● Note: Identical structure of facts to Polemis, but opposite conclusion. ● 315, Note 1A: When D served “foul smelling” shrimp, it was reasonably foreseeable that patron would become ill, but not that it would cause someone else to slip on her vomit. ● Professor Keeton: General rule - “a negligent actor is legally responsible for that harm, and only that harm, of which the negligent aspect of his conduct is a cause in fact.” 18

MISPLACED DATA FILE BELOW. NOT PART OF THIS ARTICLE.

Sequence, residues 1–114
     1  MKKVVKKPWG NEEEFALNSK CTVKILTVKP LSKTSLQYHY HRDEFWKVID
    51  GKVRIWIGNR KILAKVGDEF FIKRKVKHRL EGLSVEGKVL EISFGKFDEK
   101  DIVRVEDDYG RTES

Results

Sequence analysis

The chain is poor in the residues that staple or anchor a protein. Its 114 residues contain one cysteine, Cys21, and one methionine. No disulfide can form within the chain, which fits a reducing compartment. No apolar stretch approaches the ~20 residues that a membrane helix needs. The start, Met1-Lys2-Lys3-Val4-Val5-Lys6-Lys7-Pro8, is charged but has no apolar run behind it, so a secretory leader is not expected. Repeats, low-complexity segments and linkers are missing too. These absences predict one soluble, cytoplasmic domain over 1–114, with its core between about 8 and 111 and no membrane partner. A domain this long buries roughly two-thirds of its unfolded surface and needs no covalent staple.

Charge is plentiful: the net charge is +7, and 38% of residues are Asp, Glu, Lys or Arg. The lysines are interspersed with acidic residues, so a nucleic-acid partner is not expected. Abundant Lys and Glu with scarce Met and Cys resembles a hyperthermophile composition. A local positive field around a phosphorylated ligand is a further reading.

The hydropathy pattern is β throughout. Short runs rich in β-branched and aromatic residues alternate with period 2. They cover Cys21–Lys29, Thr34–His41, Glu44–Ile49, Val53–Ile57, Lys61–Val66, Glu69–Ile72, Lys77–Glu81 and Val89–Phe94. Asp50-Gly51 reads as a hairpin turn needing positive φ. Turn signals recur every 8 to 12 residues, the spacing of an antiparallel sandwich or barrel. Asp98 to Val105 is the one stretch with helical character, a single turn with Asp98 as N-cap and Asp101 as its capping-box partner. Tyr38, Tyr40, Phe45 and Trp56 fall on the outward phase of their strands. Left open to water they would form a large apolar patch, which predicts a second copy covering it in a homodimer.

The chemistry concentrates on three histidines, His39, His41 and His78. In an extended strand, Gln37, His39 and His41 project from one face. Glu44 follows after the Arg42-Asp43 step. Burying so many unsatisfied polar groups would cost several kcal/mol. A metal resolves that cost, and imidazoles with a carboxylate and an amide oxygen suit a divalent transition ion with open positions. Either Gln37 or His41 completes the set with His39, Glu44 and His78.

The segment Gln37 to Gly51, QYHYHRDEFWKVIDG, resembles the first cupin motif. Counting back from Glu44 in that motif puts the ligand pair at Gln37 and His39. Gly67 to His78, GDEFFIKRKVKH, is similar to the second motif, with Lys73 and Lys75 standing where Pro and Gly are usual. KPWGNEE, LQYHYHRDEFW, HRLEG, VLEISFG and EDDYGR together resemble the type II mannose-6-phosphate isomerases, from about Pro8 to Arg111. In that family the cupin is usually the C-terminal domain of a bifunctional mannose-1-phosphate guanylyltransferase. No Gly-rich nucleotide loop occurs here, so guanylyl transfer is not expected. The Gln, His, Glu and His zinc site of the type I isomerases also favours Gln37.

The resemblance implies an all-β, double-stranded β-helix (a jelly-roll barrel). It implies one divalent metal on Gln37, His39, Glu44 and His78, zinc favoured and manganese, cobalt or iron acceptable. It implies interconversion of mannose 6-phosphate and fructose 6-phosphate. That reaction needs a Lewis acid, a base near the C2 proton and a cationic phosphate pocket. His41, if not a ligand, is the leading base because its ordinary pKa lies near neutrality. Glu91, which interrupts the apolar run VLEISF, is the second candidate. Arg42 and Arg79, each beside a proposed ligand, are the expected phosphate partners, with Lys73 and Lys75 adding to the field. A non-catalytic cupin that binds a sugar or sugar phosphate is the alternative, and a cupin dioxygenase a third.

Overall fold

19 Palsgraf v. Long Island R.R. Co. - “The risk reasonably to be perceived defines the duty to be obeyed and risk imports relation.” In order for D to be liable, P must be a foreseeable victim within the zone of danger created by D’s act. Ex Ante. Unforeseeable P is owed no duty. ● Facts: D pushed man onto train, causing his wrapped box of fireworks to dislodge and explode. A scale at the other end of the platform fell over and hit P. ● Cardozo majority: Question of duty for the judge. P cannot recover because she was an unforeseeable P who was owed no duty. Duty is relative, owed to those in orbit of danger ● Andrews’ Dissent: Question of causation for jury. Liability extends to all proximately harmed by negligent act, even outside danger zone, regardless of foreseeability. Duty is owed to world at large. Natural and continuous sequence between cause and effect (but there are pragmatic boundaries) Overseas Tankship v. Miller Steamship Co. (“Wagon Mound No. 2”) - If a reasonable man would have foreseen and prevented risk, then he is liable for foreseeable damages, even if the consequences are remote and manner is unforeseeable. ● Facts: 2 of P’s ships were damaged while docked at wharf when oil in water ignited. ● Outcome: Engineer could/should have foreseen that oil could ignite on water. D should have weighed risk against difficulty of eliminating risk (unburdensome here) ● E&E: D allows employee to clean machine with gasoline in a small room. A rat, drenched with gasoline runs into machine and causes explosion. While the manner in which the accident took place was unusual, an explosion was exactly the type of damage to be anticipated from using a volatile, flammable liquid in a small room with an open flame. D is liable. Enright v. Eli Lilly & Co. - The court can limit causation despite it being foreseeable if liability would be outside manageable limits in light of public policy. Common law rule: a later-conceived child cannot recover from original tortfeasor for a preconception tort committed against mother - temporal, generational remoteness. ● Facts: P, granddaughter of woman who took DES, suffers from cerebral palsy because her mother had reproductive abnormalities as a result of her in utero exposure to DES. ● Outcome: P has no cause of action. Court must limit liability to those who ingested DES or were exposed to it in utero.
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